Kissamos in north-western, Crete was a mobile-phones-free town for a couple of weeks. All mobile phones were out of service, as the antennas of all three carriers stopped operating for 15 days, following the rule of the local Court of First Instance. Eventually, after the demand of the locals and the municipality, the carriers turned on their antennas again a few days ago, on Good Thursday.
Associations of parents and guardians, the Municipality of Kissamos and Ecologists in Kissamos had taken legal actions against the providers Vodafone, Wind and Cosmote protesting against the establishment of antennas in close proximity to schools.
The Court commented for the applicants, obliging the carriers to shut down the operation of their antennas. While mobile phone stopped working in the area, residents supported that carriers did not take any measures, although they were informed about the decision of the court since February.
Local associations and ecologist also indicated that carriers were trying to take ‘revenge’ this way, cutting mobile communications off. According to the carriers though, moving and planting the antennas somewhere else could not happen overnight; all companies had to apply for pertinent licence and do research and studies, prior to any action.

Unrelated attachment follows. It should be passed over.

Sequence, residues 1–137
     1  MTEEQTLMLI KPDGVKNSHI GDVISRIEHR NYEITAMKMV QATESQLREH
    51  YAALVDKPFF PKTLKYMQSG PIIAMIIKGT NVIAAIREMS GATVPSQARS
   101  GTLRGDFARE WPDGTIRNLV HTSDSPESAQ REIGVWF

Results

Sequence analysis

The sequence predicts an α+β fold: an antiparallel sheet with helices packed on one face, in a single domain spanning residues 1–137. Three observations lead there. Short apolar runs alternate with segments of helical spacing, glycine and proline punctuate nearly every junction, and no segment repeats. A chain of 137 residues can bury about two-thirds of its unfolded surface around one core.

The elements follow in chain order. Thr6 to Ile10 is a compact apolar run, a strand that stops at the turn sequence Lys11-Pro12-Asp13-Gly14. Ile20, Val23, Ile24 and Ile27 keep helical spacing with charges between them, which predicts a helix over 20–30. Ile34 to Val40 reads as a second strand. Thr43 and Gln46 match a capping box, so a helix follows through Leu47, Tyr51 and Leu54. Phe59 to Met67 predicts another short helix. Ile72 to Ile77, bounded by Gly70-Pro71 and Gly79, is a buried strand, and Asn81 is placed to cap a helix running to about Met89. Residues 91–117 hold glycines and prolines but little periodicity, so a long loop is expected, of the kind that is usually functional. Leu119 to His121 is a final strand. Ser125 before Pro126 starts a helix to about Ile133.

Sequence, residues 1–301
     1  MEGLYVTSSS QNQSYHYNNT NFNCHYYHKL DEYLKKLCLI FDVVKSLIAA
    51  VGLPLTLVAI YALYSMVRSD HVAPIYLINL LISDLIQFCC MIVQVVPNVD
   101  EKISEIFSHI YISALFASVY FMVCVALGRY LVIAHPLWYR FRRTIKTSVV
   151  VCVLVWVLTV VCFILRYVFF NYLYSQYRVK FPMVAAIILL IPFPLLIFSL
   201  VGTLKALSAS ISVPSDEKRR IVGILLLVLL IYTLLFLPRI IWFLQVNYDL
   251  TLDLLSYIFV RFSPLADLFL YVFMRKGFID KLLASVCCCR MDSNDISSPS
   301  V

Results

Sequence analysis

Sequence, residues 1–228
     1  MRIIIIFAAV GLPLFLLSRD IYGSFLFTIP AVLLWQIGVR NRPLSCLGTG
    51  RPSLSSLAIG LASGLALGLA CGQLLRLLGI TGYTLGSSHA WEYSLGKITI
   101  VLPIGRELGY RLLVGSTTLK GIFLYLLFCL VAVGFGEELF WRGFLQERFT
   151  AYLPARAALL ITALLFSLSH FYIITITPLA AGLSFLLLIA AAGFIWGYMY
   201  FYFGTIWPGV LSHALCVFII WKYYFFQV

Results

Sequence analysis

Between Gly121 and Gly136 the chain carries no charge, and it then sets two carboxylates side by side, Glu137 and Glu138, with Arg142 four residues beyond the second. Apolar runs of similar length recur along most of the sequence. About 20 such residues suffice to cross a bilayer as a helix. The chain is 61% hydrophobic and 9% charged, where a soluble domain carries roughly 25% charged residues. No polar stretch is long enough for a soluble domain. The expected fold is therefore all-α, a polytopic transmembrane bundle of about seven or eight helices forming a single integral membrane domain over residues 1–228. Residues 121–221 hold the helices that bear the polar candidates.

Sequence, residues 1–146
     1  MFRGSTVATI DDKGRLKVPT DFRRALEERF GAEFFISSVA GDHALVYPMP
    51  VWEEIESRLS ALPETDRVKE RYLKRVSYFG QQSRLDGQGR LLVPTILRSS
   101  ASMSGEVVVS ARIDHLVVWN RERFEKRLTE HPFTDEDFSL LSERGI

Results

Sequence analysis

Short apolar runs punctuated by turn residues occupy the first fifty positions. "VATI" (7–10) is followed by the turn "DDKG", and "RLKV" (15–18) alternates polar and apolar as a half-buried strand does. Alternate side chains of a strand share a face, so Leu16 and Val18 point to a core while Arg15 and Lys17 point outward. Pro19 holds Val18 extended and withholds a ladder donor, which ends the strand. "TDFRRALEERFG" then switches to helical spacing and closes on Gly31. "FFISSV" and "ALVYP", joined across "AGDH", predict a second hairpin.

The entire procedure could have lasted last a couple of years. This caused some major controversy among the locals and especially among professionals in the area. They obviously reconsidered and asked for the re-operation of antennas, as staying without mobile phone connection for two years would be rather inconvenient and even damaging for local businesses.
One of the locals who officiated at this movement, Dr. Michalis Botonakis, stresses that more than 3000 signed the original petition; having antennas thirty meters away from kindergartens was simply not acceptable. The court ruled for the locals because it was proved during the trial that no urban planning licences were issued and no environmental studies were ever launched.
Cell phone antennas emit microwave radiation on a constant basis and can also act as a chronic stressor at low exposure levels. This is the reason why locals reacted to the decision of carriers to plant their antennas within the town limits. According to European laws and regulations, residential areas and schools should have safe exposure levels; cell towers are not supposed to be placed near schools
Ecologists in Chania have denounced the behaviour of the carriers’ officials and suggest that public weal, health and well being are above any profit or commercial interest. They also reminded that individuals and cell phone users can maybe take measures so as to prevent themselves from being overexposed to radiation when using their phones, but they cannot do anything when antennas and towers are so close to their houses. ‘ No one should be exposed to radiation 24/7. We believe that these practices should stop. Acting on good will and with cooperative spirit can resolve all problems in the region.’ Thus Kissamos remained mobile phones free for 15 days, until locals decided to ask companies to turn on their antennas again. It was the first area in Greece that asked – even temporarily- for the shutdown of mobile phone antennas since 1993, when carriers started working in the country.